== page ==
I am going to compare esports to baseball, because I am an old man and that is the easiest way for me to understand esports.
I was in Los Angeles this weekend for the Clash Royale League World Finals, which were held at the historic Shrine Auditorium. Built in the ‘20s, the Shrine has hosted numerous Oscar, Emmy and Grammy ceremonies, was seen in the original King Kong and the Judy Garland / James Mason A Star Is Born, and was also where Michael Jackson’s hair caught on fire in 1984. The Grateful Dead recorded Two from the Vault there. The Shrine has seen some shit, and this weekend it saw perhaps the greatest end of a match in esports history. Yes, I say that as somebody with an extremely limited grasp on esports history.
Here’s the scenario: Team Liquid is taking on SK Gaming in the semi-finals of Clash Royale League’s most important event. Each round is a best-of-three situation, with teams competing in 2 v 2 and 1 v 1 matches, and if they’re tied at that point they go on to a final King of the Hill match. This is basically like a three-on-three gauntlet match: both teams pick three players, and they go against each other in a series of single elimination one-on-one matches until all three players on one side have lost. If a round made it to the King of the Hill match, whoever won would win the entire round and move on in the tournament, and the losing team would be eliminated. The King of the Hill round was basically a game seven in a baseball playoff series, and if you know anything about baseball you know that a game seven is the most exciting thing in the sport.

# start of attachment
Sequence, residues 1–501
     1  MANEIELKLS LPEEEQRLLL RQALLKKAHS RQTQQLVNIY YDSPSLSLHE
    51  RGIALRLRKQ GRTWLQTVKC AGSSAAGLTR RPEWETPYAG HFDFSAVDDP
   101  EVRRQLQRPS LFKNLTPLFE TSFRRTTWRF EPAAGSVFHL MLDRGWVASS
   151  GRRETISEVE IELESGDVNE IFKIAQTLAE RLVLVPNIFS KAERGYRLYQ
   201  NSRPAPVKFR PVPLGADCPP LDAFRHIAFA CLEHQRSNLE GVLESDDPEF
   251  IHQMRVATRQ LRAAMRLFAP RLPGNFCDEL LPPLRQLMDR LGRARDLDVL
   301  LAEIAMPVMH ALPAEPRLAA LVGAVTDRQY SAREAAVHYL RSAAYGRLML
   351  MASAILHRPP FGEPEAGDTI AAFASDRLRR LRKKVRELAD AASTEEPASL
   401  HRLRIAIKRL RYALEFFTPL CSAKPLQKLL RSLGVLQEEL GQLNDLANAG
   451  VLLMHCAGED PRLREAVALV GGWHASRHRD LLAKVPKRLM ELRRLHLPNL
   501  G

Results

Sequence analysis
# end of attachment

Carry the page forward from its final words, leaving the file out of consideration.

So Team Liquid is up against SK Gaming. SK was one of the two top teams in the tournament, and got a bye in the first round. Team Liquid, meanwhile, included a pure rookie named Egor, and a player named Surgical Goblin who had never made it to the World Finals before. SK took the first round, with its players Xopxsam and Morten defeating Liquid’s Surgical Goblin and KaNaRiOooo in two straight matches. Egor then evened the series in the 1 v 1 round by beating Javi14 in two straight matches, thus setting up a climactic King of the Hill round to determine which team would make it to the finals.